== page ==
|Copyright 2015, The Associated Press|
Wednesday's agreement ends a three-year legal battle in Britain over two spills in 2008 that destroyed thousands of hectares (acres) of mangroves and the fish and shellfish that sustained villagers of the Bodo community in Nigeria's southern Niger Delta.
It "is thought to be one of the largest payouts to an entire community following environmental damage," the claimants' London lawyers, Leigh Day, said.
Shell said it is paying 35 million pounds ($53.1 million) to 15,600 fishermen and farmers and 20 million pounds ($30.4 million) to their Bodo community.
"We've always wanted to compensate the community fairly," said Mutiu Sunmonu, managing director of Shell Nigeria, which is 55 percent owned by the Nigerian government.
Shell originally offered 4,000 pounds ($6,000) to the entire community, Leigh Day said.
Sunmonu said Shell also has agreed and is "fully committed" to a cleanup.
Chief Sylvester Kogbara, chairman of the Bodo Council of Chiefs and Elders, said he hoped "that Shell will take their host communities seriously now" and embark on a cleanup of all of Ogoniland.
A U.N. Environment Program report has estimated it could take up to 30 years to fully rehabilitate Ogoniland, an area where villagers have been in conflict with Shell for decades.
Kogbara said the community money will be used to provide needed basic services. "We have no health facilities, our schools are very basic, there's no clean water supply," he told The Associated Press.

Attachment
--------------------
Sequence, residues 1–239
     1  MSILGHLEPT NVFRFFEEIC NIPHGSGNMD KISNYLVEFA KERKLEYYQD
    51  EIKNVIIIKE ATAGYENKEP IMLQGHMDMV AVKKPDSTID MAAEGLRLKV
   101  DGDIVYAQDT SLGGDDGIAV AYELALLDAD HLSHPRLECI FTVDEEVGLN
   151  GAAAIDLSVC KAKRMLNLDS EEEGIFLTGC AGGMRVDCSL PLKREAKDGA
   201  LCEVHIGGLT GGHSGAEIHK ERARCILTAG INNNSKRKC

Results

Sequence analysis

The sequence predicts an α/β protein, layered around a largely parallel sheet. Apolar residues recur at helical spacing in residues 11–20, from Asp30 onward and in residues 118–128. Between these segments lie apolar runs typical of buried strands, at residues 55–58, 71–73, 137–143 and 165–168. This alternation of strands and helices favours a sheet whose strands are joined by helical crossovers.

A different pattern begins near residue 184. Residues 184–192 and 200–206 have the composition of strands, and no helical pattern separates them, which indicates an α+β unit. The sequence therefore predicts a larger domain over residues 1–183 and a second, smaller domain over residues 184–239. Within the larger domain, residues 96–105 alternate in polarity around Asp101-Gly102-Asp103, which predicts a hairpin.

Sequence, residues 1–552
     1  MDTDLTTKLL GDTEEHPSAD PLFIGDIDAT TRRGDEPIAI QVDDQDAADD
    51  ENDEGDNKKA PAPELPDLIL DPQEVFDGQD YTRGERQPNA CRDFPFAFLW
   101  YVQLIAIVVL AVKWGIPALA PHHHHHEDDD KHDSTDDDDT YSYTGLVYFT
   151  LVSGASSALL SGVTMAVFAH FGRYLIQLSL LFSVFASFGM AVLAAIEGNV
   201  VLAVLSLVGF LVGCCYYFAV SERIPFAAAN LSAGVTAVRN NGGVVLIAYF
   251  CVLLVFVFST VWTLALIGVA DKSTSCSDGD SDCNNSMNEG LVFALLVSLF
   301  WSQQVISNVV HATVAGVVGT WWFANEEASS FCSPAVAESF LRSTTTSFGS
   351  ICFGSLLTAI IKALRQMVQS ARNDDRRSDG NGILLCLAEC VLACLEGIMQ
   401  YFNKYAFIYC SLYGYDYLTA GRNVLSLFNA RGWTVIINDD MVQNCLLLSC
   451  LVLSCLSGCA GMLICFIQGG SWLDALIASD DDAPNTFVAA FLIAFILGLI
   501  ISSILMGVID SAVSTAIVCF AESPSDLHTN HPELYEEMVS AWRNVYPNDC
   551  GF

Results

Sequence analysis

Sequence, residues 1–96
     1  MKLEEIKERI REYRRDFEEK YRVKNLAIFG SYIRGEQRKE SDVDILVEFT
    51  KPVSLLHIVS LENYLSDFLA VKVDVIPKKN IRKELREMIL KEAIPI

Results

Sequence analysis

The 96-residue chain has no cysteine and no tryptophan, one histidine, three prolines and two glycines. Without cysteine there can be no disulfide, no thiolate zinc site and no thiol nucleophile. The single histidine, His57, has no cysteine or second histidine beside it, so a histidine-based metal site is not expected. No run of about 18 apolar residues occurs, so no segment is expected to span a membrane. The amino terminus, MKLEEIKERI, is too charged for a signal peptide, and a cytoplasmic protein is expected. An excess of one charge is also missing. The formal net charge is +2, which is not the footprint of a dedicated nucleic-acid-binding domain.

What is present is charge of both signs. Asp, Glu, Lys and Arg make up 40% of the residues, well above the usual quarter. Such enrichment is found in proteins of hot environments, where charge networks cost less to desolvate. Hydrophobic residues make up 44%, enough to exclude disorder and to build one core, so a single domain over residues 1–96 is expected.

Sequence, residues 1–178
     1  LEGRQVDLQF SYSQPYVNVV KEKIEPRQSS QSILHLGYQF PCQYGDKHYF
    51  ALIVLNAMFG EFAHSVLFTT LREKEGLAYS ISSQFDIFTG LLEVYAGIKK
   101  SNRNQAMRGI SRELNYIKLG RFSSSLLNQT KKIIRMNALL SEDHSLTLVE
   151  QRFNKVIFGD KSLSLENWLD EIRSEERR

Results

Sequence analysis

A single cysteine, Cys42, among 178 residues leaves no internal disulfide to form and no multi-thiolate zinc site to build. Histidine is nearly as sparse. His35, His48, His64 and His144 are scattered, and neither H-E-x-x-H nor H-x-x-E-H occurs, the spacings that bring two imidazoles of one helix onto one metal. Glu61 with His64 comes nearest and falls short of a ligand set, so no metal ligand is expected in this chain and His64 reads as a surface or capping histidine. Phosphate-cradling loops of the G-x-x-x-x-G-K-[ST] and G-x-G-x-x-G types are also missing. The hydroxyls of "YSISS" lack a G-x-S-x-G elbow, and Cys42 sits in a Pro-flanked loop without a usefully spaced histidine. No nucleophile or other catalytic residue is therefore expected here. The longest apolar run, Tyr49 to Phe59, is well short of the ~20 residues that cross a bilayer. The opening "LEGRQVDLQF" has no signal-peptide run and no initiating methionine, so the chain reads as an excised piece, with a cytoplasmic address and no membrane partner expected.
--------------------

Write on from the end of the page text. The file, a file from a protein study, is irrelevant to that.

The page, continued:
Individually, he said villagers are discussing setting up as petty traders and other small businesses until their environment is restored. Each person gets 2,200 pounds ($3,340) in a country where the minimum monthly wage is less than $100.
Shell's Sunmonu insisted that oil theft and illegal refining remain "the real tragedy of the Niger Delta" and "areas that are cleaned up will simply become re-impacted."
Amnesty International said Shell continues to blame oil theft for spills — which means it does not have to pay compensation — when the company's own documents state its aging oil pipelines present a "major risk and hazard."
Shell had argued that only 4,000 barrels of oil were spilled in Bodo while Amnesty International used an independent assessor who put it at over 100,000 barrels — considered the largest ever oil spill in mangroves.
"Oil pollution in the Niger Delta is one of the biggest corporate scandals of our time," said Audrey Gaughran of Amnesty International. She said thousands more people remain at risk because of Shell's failure to fix aging and dilapidated pipelines.